, Volume 1, Issue 1-2, pp 11-17,
Open Access This content is freely available online to anyone, anywhere at any time.
Date: 19 May 2011

An ambitious step to the future desalination technology: SEAHERO R&D program (2007–2012)

Abstract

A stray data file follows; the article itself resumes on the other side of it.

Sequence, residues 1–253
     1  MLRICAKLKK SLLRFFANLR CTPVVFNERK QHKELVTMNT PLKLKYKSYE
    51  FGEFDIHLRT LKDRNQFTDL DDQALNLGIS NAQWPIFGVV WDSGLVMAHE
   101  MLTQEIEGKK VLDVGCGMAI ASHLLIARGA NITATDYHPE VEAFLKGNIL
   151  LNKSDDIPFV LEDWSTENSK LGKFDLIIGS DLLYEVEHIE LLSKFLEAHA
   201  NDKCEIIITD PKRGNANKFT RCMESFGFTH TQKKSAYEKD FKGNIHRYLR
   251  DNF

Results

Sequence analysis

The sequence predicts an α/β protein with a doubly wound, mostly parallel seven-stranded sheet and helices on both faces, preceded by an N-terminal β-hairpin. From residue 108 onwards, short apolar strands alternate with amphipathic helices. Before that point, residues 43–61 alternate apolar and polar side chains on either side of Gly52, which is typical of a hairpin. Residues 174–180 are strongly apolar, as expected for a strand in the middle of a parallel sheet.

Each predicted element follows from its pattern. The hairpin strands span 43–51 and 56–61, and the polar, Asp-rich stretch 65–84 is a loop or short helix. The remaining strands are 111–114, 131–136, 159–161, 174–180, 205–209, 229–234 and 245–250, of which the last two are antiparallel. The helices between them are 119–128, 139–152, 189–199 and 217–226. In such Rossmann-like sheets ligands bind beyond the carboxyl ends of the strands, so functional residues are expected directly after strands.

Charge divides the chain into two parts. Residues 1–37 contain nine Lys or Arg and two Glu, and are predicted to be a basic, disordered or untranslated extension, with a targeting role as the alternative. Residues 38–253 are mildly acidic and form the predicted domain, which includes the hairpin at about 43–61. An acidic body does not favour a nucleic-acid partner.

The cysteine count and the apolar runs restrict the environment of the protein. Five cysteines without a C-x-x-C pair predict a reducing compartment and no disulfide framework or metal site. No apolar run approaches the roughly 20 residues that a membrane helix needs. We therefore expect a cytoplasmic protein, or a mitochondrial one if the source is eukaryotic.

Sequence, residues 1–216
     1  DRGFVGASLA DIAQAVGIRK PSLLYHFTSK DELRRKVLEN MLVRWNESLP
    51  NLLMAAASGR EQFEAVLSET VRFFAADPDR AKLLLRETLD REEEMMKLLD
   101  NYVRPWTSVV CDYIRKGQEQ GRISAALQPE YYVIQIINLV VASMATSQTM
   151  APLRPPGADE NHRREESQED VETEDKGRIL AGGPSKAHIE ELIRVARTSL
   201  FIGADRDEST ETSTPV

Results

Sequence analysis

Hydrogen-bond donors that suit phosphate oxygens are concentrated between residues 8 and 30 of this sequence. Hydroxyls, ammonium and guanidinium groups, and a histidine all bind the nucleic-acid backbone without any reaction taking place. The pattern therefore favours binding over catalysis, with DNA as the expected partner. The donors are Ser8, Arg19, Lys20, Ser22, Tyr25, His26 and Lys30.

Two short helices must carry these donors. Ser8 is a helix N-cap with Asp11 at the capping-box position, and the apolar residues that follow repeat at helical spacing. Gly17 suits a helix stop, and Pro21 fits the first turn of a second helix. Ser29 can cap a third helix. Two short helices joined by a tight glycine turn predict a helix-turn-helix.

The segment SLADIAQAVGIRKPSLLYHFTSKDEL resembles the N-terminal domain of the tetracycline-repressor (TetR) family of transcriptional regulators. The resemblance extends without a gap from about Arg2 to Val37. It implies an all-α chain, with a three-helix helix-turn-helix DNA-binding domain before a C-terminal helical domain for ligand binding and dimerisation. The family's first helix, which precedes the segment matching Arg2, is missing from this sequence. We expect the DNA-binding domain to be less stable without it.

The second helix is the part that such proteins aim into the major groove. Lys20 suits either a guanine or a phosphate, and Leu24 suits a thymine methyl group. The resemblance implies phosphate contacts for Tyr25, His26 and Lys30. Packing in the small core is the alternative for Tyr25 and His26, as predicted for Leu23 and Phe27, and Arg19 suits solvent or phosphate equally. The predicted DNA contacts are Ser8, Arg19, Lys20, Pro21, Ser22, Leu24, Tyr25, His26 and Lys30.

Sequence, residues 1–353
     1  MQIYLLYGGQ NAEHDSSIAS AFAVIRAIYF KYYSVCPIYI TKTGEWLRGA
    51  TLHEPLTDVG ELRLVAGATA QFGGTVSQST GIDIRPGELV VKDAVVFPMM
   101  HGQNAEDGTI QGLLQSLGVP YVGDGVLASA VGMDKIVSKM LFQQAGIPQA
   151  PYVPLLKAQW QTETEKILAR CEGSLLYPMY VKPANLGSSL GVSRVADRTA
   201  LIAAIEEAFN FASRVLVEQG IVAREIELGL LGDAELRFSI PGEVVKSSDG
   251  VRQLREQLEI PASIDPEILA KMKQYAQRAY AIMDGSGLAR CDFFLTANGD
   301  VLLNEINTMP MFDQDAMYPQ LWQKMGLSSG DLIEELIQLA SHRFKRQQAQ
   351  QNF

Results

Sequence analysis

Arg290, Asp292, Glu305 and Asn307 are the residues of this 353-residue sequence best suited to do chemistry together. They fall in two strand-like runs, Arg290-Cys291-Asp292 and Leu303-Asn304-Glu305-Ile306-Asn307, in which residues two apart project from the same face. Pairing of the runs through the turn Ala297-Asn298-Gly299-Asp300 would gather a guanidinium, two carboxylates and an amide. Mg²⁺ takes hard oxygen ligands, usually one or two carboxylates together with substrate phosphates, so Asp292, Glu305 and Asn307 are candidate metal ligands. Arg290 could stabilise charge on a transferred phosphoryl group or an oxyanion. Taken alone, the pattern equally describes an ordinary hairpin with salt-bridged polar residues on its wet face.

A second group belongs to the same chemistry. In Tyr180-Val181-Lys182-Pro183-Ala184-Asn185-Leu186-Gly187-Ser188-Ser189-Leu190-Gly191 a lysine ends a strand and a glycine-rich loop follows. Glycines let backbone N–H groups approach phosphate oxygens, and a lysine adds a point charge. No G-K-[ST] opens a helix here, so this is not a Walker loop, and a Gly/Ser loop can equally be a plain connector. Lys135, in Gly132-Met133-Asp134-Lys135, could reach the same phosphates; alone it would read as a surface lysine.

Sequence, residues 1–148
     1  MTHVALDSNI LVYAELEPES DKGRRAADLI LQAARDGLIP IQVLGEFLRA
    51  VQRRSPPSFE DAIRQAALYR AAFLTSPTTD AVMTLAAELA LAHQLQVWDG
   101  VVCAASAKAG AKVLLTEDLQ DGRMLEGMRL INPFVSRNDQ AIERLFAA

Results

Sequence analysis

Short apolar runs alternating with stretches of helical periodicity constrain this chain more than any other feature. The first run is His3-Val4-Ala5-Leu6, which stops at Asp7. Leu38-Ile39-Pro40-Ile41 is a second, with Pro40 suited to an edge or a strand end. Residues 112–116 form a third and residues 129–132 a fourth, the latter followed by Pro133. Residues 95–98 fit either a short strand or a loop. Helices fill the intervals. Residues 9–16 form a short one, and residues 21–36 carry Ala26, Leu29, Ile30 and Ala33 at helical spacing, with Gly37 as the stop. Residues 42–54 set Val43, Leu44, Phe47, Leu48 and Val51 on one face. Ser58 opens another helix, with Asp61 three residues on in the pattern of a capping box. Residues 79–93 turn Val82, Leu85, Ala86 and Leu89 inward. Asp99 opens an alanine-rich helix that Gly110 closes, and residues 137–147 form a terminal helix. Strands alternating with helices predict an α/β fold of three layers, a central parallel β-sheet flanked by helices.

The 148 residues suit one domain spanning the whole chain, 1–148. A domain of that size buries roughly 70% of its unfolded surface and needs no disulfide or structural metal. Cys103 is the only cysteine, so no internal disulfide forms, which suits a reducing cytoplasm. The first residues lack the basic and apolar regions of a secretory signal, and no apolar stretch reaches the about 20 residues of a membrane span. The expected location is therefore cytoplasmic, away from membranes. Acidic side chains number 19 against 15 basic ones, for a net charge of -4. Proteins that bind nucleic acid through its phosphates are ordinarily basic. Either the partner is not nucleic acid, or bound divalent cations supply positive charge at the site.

In Republic of Korea, seawater engineering and architecture of high efficiency reverse osmosis (SEAHERO) research and development (R&D) program started from 2007 to lead the top seawater reverse osmosis (SWRO) plant technologies for desalination with the fund of US $165 million for 6 years including test-bed plant construction. There are three technical strategies for SEAHERO R&D program called 3L, which represents large scale, low fouling, and low energy, respectively. Large scale means design, construction, and operation of the largest unit SWRO train [daily water production rate = 8 MIGD (36,000 m3/day)] in the world. Low-fouling strategy targets the decrease of RO membrane fouling by 50%. The specific target for low energy is total energy consumption of whole SWRO plant (including intake, pretreatment, SWRO systems, and so on) less than 4 kWh/m3. The core parts for SWRO plant, such as 16 in. diameter RO membrane and energy recovery device, were developed and will soon be introduced to a test-bed including the largest unit SWRO train. The next step of SEAHERO is real field scale test-bed application of the unit technologies developed for the past 4 years (2007–2010) such as strategic pretreatment, energy-saving technology, and reliable system monitoring.